Should Servers Come With Batteries?

Will the data center of the future have no central UPS units, and be filled with servers with on-board batteries? The data center team at Facebook believes it should.

Rich Miller

November 27, 2009

3 Min Read
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Will the data center of the future have no central UPS units, and be filled with servers with on-board batteries? The data center team at Facebook believes it should, and is pledging to share its best practices - and perhaps wield some of its clout with vendors and data center operators - as it presses its case for change.   

Facebook recently disclosed its plans to adopt a novel power distribution design pioneered by Google that removes uninterruptible power supply (UPS) and power distribution units (PDUs) from the data center. The new design shifts the UPS and battery backup functions from the data center into the cabinet by adding a 12 volt battery to each server power supply.

While many best practices shared by Google, Microsoft and Facebook can help other data center operators save energy and money, other customizations are impractical.   

Big Companies, Big Innovation 
"A lot of the innovation in the field is being driven by companies with thousands of servers who really care about the efficiency of these things," said Facebook's Amir Michael, who previously worked on Google's data center team. "We have capital to be able to afford engineers to solve these problems. It's not really benefiting the rest of the industry. Smaller companies who might deploy fewer servers can't go and design their own systems."

In discussing Facebook's plans for on-board batteries, Michael discussed ways these innovations might become more widely available.

"It's a chicken and the egg problem," said Michael. "No one really makes a data center without a UPS, and no one makes server with a battery on board. Server manufacturers aren't going to build a server with a battery on board, because no one has a place to deploy that."

Facebook's buying power gives it some influence with hardware vendors. Michael noted that Facebook is working with vendors on power supply customizations, and has gotten little pushback from server vendors on its modifications to motherboards.

"Volumes are large enough that server vendors are helping us with that rather than opposing us," he said. "We're actually being supported quite well."

Not all equipment vendors would endorse an industry shift to servers with on-board batteries, however. Makers of UPS equipment and power distribution units (PDUs) are significant players in discussions of industry best practices, and would be unlikely to advocate designs that reduce demand for those products.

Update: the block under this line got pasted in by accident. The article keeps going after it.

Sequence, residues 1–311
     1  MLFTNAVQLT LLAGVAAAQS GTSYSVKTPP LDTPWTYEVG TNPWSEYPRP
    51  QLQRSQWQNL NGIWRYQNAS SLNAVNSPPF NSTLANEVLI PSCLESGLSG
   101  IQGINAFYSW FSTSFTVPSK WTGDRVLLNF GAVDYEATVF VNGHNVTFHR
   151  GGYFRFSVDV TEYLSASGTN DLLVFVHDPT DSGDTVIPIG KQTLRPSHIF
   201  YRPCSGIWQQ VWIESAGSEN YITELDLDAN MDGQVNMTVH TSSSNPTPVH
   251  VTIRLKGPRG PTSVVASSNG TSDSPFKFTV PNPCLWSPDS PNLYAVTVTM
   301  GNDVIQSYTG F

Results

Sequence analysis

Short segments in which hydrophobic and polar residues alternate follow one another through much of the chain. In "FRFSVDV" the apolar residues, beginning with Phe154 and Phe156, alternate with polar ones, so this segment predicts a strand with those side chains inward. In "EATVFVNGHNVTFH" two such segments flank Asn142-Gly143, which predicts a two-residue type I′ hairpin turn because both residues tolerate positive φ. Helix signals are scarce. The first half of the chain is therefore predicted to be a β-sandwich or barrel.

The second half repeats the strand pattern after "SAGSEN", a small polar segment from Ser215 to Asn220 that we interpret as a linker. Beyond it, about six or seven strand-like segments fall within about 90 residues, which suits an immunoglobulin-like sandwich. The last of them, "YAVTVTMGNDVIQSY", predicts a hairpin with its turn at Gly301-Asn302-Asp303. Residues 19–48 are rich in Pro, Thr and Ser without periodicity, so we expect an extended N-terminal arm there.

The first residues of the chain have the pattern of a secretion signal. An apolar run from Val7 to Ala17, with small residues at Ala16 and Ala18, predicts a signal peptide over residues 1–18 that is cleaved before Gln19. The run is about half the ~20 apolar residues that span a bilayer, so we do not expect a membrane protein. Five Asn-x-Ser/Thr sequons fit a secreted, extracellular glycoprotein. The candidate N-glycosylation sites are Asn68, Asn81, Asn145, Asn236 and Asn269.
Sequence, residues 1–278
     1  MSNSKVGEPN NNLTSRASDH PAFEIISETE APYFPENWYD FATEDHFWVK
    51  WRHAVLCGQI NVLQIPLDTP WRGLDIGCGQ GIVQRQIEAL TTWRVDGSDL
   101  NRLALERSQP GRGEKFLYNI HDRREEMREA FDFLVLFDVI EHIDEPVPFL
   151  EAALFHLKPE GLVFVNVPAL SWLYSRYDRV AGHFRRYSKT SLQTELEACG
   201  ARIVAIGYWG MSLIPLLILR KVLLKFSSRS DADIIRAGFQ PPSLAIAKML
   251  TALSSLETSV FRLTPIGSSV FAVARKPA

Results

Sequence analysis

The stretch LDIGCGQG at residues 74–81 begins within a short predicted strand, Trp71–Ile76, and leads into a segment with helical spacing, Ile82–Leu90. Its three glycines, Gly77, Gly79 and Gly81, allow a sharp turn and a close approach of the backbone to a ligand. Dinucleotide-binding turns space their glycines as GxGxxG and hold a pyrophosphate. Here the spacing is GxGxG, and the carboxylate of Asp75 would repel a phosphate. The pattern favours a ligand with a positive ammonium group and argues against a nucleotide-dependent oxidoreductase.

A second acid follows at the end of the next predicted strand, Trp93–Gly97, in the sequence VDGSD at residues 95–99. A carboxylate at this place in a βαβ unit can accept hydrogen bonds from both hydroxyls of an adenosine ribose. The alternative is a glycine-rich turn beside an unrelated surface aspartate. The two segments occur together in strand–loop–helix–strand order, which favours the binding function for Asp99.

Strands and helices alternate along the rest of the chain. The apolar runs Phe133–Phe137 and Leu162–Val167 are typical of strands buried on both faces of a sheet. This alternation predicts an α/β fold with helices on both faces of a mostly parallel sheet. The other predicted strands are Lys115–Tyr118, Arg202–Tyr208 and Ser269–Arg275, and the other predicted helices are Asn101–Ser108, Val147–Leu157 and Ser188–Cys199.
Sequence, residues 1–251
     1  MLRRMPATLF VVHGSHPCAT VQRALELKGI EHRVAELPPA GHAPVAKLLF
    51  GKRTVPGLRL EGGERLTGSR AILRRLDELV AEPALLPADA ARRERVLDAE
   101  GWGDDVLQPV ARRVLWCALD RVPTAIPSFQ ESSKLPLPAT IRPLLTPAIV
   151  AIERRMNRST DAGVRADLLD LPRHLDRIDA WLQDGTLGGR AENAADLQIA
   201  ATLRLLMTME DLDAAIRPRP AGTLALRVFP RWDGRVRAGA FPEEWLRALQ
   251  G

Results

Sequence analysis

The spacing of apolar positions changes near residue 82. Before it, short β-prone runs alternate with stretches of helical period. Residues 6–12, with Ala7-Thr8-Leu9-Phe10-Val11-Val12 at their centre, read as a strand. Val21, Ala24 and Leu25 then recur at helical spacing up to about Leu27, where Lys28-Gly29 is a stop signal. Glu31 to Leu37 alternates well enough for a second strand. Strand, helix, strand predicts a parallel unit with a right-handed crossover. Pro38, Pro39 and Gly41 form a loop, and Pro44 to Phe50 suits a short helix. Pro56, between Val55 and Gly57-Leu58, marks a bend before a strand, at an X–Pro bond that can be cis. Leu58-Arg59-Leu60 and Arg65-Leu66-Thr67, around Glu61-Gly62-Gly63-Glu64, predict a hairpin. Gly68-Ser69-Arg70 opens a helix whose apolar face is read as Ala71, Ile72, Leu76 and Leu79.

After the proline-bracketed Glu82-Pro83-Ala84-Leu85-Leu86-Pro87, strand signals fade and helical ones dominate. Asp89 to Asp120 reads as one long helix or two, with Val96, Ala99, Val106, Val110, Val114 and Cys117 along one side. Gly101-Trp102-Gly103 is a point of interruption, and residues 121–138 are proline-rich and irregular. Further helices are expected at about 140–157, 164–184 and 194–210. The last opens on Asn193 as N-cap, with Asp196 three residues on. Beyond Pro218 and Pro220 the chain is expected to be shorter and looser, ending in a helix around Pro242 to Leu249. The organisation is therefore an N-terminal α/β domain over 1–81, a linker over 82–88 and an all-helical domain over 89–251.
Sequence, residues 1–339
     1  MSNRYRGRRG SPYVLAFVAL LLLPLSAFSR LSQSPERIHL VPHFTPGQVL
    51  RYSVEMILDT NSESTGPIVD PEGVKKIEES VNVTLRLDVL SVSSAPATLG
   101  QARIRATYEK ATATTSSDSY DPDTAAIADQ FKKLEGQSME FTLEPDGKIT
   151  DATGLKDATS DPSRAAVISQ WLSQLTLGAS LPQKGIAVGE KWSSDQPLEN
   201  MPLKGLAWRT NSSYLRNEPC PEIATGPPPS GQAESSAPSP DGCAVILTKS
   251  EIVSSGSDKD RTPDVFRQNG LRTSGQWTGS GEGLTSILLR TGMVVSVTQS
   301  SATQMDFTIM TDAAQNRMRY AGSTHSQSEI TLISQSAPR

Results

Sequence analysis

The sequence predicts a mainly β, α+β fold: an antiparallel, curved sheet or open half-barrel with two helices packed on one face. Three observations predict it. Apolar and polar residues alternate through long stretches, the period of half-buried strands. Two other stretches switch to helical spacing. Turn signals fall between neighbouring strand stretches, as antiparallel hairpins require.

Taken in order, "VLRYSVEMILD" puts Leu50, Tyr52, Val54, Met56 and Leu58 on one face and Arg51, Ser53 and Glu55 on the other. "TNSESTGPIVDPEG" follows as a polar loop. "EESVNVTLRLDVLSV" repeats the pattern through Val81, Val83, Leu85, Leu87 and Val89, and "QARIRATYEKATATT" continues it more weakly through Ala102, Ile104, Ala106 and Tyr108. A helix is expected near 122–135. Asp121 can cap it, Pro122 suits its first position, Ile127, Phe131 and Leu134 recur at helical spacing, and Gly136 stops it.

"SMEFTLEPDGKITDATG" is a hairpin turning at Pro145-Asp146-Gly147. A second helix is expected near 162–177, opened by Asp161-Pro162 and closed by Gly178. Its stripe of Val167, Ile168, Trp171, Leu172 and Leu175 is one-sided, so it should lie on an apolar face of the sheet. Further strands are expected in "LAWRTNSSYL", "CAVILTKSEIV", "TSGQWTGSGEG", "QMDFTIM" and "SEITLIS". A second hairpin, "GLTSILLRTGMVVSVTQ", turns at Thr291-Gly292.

Is there a transition that could lead to more options for innovation in power distribution? Michael suggested potential changes in wholesale data center leasing models.

"One example could be to build a data center where you have a portion that has no UPS," he said. "The data center operator can charge customers a lower rate to deploy their servers in a part of the facility that doesn't have a UPS. The customer, if they're savvy, can go and purchase a server which has a battery on board. They'll pay a little more up front, but in the long run they'll save money because they're paying less to operate that server over a period of time.

"We hope to see the industry move to a model like this," said Michael. "As a customer that leases space in data centers, I would welcome a change like this."

Facebook is one of the largest customers in the market for turn-key data center space, and leases space from leading providers like Digital Realty Trust, DuPont Fabros Technology and Fortune Data Centers

Are these cutting-edge energy efficiency strategies only appropriate for large-scale operations like Google and Facebook? Or would enterprises and smaller companies adopt these practices if they had access to them? Facebook says it will be more active in the growing industry conversation about best practices, which it hopes will reveal the answer.  

"It's no longer okay just to be secretive," said Michael. "There's too much at stake.  Smaller companies might use too much of their resources and too much of their capital on their data center infrastructure. They should be allowed to benefit from the same type of optimizations that we're making here at Facebook."

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